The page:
The bread and butter of wealthy lobbyists are earmarks – taking money from the U.S. Treasury and sending it directly to their clients through spending bills. Top lobbyists earn millions this way. I will end that practice with a constitutional version of the line-item veto, where the president can require an up or down vote on any spending item he deems irresponsible or inappropriate

We also need to close the revolving door between Capitol Hill and K Street. I will reinstate the five-year ban on lobbying by former top government officials. President Bill Clinton passed that ban, but then he cancelled it in his last days in office. I will reenact it by statute so no president can rescind it again.

We also need to bar federal lobbyists from setting policy over their former industries. When I'm president, there will be no more foxes guarding the henhouse. If you want to see whether another candidate really stands for change, ask them whether they will do the same.


The way Washington is rushing to do the bidding of special interests these days, you would think that they were the ones that made America great. But they're not. The hard-working men and women of America, like the people in this room, are the ones who made this country great.

I've talked a lot about what I will do as president to fix the broken system in Washington. But you all have a role to play in this, too.

The status quo will only continue if you let it. It will continue if you look the other way while people defend a system we all know is broken. It will continue if you settle for replacing a bunch of corporate Republicans with a bunch of corporate Democrats.

The status quo will continue if you let it – but it will change if you demand it.

That is why I am challenging you today: be vigilant. Remember that democracy does not defend itself. Every generation has to fight to fulfill the promise of America – of a nation where everyone is equal, and the government responds to the will of the people.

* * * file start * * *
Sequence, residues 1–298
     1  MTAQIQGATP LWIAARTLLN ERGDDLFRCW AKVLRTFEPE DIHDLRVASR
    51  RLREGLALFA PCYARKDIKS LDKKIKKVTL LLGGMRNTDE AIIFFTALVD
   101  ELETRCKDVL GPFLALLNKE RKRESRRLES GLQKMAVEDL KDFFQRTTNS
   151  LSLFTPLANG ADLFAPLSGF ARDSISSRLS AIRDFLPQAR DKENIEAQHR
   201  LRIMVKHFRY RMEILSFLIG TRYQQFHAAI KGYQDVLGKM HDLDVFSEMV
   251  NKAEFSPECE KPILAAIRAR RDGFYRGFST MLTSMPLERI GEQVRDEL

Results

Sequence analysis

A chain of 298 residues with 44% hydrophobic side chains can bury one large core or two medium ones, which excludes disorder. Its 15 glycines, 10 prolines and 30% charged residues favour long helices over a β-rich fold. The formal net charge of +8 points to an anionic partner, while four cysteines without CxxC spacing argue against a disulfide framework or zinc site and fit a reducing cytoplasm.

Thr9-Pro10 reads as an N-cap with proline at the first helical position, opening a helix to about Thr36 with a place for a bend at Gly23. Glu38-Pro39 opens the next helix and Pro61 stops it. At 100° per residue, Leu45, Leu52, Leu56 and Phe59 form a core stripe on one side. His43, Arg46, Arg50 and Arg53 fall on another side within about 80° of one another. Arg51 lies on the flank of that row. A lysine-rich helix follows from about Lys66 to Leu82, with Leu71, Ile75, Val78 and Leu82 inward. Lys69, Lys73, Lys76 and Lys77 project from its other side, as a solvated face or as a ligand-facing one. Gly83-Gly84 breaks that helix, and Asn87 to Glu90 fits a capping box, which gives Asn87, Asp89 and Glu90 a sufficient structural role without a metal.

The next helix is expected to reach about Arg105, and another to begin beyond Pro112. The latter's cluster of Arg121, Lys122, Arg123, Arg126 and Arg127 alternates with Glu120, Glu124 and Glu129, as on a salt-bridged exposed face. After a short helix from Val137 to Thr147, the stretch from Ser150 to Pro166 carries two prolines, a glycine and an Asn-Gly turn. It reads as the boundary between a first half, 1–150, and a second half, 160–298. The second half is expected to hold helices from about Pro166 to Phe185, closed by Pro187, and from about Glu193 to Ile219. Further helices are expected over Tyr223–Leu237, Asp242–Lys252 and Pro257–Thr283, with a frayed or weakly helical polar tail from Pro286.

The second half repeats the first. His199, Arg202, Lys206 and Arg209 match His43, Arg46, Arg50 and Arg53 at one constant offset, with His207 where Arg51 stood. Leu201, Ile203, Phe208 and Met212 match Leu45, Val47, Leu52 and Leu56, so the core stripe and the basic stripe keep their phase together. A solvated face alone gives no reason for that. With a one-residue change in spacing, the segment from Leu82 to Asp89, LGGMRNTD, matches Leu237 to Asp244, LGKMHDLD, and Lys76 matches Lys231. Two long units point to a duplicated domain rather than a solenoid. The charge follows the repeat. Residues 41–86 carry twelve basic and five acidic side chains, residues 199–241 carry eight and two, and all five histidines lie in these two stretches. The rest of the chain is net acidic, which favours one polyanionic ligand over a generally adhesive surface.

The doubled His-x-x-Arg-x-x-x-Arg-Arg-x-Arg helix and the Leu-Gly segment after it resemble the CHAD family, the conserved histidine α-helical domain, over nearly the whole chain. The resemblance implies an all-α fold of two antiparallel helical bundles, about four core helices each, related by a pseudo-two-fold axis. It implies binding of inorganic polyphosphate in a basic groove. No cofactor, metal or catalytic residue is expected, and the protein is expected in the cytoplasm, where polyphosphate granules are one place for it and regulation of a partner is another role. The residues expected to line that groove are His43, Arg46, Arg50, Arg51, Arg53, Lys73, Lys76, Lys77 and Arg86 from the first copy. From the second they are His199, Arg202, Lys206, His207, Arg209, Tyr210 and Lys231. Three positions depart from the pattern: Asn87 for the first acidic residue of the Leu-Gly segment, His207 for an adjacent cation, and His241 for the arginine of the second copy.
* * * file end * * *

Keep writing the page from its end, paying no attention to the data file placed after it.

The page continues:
We are the great nation we are today because the generations that went before us stood up and fixed our democracy when it was broken. Today, that responsibility falls on all of us.

My youngest daughter, Emma Claire, is 9 years old. Many of you may have children or grandchildren around that age.

If we join together, starting today, and demand change, think about how different this country could be by the time they are out of high school.

We could be living in an America where every man, woman and child is guaranteed high-quality health care.

An America where we are finally working to halt global warming, develop clean fuels and end our addiction to foreign oil. An America on the road to ending poverty, with the American dream becoming a new reality for millions of hard-working Americans. An America where we have restored our moral leadership in the world.

But to reach that America tomorrow, we need to rise to the challenges we face today. No matter what the cynics say, if we join together and fight for real change, we can restore our democracy, and make our government work again.

So don't settle for more of the same. Don't settle for a broken system that ignores your cries for change.

Demand better. Let's be the generation that restores our democracy. Let's be the generation that returns the power of our government back to the people. Let's be the generation that restores our nation to greatness. Let's be the change we want to see.

This is our government. This is our America. And this is our moment to take it back. Stand with me today. And together, we can change this country.

Thank you, and God bless.

John Edwards, Remarks in Keene, New Hampshire Online by Gerhard Peters and John T. Woolley, The American Presidency Project